I won’t say you should discount the New York Times's coverage of the coronavirus pandemic.
But I will say you should probably discount all reporting done so far by New York Times COVID-19 reporter Apoorva Mandavilli, who showed Wednesday she is too blinded by ideology to be trusted with the biggest health and science story of our lifetime.
The COVID-19 lab leak theory, which posits the virus escaped a research facility in Wuhan, China, has grown in credibility and prominence. Even the news organizations that said last year the theory was “debunked” concede now it’s quite plausible this is how the outbreak started.
This is where the evidence is taking us. But Mandavilli is troubled by the idea that anyone would talk about this.
“Someday we will stop talking about the lab leak theory and maybe even admit its racist roots," she said Wednesday in a since-deleted tweet. "But alas, that day is not yet here."
Mandavilli is quite literally saying we should stop discussing how COVID-19 came about, even at the expense of figuring out why 3.5 million people died. Because the theory supposedly has "racist roots.”
How is it possible for a New York Times COVID-19 reporter to believe pursuing the truth, including taking seriously an ever-more-plausible theory about a deadly virus's origins, is “racist”?
Also, how is it racist to suggest COVID-19 came from a lab but it’s not racist to suggest it came from a Chinese wet market, the competing (and increasingly implausible) theory? The unintentionally hilarious thing about dismissing the lab theory as “racist” is the alternative theory posits the world got sick because Chinese people eat bats or pangolins or whatever.
But no! Don’t say it was created in a lab! That would be racist!
Mandavilli's remarks are even more astonishing, considering the pandemic is her beat. She’s not just some ignorant political or style reporter. She is supposed to be more informed and skeptical about Chinese government propaganda than the rest of us.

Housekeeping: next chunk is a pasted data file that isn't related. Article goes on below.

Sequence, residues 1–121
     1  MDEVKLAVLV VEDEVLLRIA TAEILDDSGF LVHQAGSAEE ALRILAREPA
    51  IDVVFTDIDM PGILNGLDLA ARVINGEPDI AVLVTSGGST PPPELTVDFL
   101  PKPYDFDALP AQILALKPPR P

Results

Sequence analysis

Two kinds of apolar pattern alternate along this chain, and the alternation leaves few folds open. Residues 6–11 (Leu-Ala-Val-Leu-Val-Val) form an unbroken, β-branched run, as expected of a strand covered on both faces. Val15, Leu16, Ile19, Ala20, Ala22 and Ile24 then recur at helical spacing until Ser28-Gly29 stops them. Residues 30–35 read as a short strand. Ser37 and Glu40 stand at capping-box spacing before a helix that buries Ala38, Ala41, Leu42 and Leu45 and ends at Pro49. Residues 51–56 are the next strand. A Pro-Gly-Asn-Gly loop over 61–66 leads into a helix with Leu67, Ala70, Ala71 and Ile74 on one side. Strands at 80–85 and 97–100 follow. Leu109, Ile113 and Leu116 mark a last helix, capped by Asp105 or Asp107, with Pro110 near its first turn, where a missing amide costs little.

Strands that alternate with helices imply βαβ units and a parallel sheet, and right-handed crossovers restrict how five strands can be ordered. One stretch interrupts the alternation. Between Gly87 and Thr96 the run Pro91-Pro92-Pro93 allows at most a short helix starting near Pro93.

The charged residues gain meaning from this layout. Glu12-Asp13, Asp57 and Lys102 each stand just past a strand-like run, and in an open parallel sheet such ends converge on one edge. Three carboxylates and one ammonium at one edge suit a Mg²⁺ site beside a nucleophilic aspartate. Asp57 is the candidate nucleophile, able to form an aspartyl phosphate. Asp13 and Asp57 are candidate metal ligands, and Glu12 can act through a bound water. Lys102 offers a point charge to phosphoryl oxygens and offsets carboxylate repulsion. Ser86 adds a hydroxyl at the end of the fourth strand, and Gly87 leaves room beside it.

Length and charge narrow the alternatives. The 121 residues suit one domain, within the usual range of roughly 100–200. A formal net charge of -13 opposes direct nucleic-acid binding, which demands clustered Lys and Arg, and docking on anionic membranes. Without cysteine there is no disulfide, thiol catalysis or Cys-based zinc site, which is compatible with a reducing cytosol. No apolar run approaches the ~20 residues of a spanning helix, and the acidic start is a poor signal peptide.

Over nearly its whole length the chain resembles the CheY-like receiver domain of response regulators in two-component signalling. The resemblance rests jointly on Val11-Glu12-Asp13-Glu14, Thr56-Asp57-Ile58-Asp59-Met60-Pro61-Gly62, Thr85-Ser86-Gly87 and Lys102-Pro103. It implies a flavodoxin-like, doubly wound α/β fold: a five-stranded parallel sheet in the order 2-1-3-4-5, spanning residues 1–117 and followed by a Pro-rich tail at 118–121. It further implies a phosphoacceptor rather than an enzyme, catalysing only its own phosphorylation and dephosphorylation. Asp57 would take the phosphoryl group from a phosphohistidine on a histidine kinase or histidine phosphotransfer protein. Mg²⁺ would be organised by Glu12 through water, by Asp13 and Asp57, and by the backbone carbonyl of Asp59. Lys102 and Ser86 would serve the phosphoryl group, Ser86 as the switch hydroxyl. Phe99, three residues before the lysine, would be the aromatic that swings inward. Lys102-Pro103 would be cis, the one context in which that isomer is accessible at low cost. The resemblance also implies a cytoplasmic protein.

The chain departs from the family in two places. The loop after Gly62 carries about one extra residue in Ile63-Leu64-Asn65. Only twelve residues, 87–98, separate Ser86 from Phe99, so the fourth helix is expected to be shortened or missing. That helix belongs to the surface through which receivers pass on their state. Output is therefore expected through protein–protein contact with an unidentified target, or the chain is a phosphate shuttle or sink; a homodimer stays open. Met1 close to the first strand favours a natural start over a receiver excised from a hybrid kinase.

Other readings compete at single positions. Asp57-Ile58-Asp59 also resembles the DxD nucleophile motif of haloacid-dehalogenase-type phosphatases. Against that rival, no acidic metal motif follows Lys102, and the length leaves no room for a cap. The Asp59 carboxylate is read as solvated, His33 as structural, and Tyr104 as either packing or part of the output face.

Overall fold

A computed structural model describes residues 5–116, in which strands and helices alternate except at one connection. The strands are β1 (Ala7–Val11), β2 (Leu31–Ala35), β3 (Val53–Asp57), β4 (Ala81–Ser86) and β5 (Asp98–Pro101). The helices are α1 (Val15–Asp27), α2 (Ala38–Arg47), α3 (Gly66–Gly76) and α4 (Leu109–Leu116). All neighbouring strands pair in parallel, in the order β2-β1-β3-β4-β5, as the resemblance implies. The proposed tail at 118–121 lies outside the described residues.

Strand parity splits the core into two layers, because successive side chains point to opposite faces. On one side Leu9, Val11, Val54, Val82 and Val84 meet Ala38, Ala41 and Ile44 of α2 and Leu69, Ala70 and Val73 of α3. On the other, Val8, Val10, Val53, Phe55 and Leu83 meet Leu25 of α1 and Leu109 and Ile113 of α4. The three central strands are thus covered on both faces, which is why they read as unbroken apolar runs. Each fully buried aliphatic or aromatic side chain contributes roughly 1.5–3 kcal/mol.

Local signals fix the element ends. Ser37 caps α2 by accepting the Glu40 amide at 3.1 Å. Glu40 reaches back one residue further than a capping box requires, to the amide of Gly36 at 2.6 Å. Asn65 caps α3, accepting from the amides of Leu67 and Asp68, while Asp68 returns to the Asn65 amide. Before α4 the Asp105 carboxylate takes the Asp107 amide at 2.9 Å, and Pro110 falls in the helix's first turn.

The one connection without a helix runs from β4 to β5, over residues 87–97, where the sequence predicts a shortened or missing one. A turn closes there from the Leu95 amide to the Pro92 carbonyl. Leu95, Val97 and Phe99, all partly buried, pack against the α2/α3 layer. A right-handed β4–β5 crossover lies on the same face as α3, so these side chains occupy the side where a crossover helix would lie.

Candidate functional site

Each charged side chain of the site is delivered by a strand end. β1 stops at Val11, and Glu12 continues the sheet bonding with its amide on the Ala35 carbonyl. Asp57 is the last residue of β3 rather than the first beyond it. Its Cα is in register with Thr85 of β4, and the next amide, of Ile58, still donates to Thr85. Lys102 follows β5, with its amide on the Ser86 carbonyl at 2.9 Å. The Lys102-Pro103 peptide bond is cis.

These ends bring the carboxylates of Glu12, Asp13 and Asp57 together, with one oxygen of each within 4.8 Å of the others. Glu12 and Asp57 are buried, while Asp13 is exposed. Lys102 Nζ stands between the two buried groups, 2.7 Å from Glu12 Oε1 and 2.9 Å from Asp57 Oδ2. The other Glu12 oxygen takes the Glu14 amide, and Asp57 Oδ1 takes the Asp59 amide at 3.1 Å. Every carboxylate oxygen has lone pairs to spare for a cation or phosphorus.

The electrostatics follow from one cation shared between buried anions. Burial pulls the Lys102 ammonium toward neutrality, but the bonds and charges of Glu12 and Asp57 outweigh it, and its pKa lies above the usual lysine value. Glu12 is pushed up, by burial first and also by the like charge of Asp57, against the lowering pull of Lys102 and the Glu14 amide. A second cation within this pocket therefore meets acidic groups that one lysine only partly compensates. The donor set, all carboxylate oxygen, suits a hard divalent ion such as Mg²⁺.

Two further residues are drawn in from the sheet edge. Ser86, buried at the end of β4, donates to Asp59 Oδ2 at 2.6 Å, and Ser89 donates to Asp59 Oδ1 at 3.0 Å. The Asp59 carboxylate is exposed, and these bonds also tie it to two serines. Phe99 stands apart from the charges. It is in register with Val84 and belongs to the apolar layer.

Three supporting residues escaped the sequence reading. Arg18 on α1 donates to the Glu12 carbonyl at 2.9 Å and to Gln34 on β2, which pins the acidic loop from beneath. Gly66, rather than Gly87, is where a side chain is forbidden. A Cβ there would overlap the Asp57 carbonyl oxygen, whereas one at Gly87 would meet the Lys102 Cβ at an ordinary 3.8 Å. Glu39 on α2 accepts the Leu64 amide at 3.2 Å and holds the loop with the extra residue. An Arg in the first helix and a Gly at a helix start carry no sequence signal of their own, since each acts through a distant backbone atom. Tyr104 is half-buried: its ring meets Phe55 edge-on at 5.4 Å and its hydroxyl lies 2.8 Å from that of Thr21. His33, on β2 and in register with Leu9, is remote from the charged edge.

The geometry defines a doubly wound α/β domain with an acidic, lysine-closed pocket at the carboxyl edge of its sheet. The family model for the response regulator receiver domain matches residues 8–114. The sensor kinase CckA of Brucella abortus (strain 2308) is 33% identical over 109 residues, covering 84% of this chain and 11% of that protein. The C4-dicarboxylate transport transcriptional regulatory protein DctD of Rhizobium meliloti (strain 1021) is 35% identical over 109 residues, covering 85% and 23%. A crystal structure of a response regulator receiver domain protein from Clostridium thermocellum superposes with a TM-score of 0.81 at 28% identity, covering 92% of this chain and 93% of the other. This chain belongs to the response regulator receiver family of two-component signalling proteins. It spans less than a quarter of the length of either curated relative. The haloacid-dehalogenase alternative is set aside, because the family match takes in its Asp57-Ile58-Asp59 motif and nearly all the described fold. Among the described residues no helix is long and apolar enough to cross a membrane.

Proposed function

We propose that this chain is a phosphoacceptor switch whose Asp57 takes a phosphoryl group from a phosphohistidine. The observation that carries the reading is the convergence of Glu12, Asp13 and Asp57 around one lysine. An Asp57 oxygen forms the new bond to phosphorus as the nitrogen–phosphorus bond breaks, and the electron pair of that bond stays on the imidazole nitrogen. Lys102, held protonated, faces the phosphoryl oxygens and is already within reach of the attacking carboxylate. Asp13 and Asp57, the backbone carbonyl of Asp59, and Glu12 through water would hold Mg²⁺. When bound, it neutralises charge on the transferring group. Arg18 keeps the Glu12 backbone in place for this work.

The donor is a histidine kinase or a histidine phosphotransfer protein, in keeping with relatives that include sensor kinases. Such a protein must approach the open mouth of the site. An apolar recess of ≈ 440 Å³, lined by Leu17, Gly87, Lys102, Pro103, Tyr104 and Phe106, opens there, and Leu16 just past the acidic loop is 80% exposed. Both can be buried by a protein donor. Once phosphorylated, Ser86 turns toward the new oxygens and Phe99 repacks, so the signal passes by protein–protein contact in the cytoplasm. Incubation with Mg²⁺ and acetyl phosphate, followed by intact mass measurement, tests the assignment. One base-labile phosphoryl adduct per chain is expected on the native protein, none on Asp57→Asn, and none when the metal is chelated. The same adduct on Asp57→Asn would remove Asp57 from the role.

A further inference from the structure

Yet here she is, arguing we shouldn't seek the truth if it’s “racist.”
In hindsight, it was probably a bad idea for the New York Times to jettison its veteran science and public health reporter of 45 years because some snot-nosed high schoolers didn’t like his attitude.
The newspaper is already suffering reputational harm, and Mandavilli's obvious unfitness to cover her beat isn’t helping anything. Speaking of which, given the clownish behavior of Mandavilli and many others on the paper’s payroll, including Nikole Hannah-Jones, Taylor Lorenz, and Paul Krugman, it's amazing management hasn't kicked everyone off social media by now. Then again, maybe it's not that amazing.
Insider columnist Josh Barro theorizes, probably correctly, “The core issue here is that management at the NYT is cowardly. They are afraid of their young, noisy, leftist reporters. So they don't manage, and insubordination is rampant. And it's very damaging to the product.”
He adds, “But basically, reporters at the NYT are allowed do whatever they want on social media, however damaging to the paper’s reputation, so long as they have the right politics.”
Amazingly, Mandavilli doesn’t even recognize how she has embarrassed both herself and her employer. Instead, she sees herself as a victim.
“Ugh, I hate deleting tweets, but the reactions are … ridiculous,” she followed up. She added in a note that smacks loudly of paranoia, “Lots of clown emojis (is that code beyond just calling me a clown), allusions to the [Chinese Communist Party] and also: Is ‘fronting corporate interests’ the new ‘pharma shill’ insult?”
No — the “clowns” are not code. Social media users are simply, and rightly, referring to her as a clown. (Not everything is code for something more sinister.)
Her colleague, science reporter John Schwartz, offered her his sympathies, saying, “Discourse is broken.”
“It really is,” said Mandavilli. “The ugliness on display … oof.”
If you want to know how the corporate press got the lab leak theory so wrong last year, Mandavilli’s remarks explain it all. If there’s even a chance the truth may turn out to be inconvenient, the journalists working for formerly trusted newspapers preemptively dismiss it as “debunked,” “dangerous,” and now even “racist," and they think that's healthy for "discourse."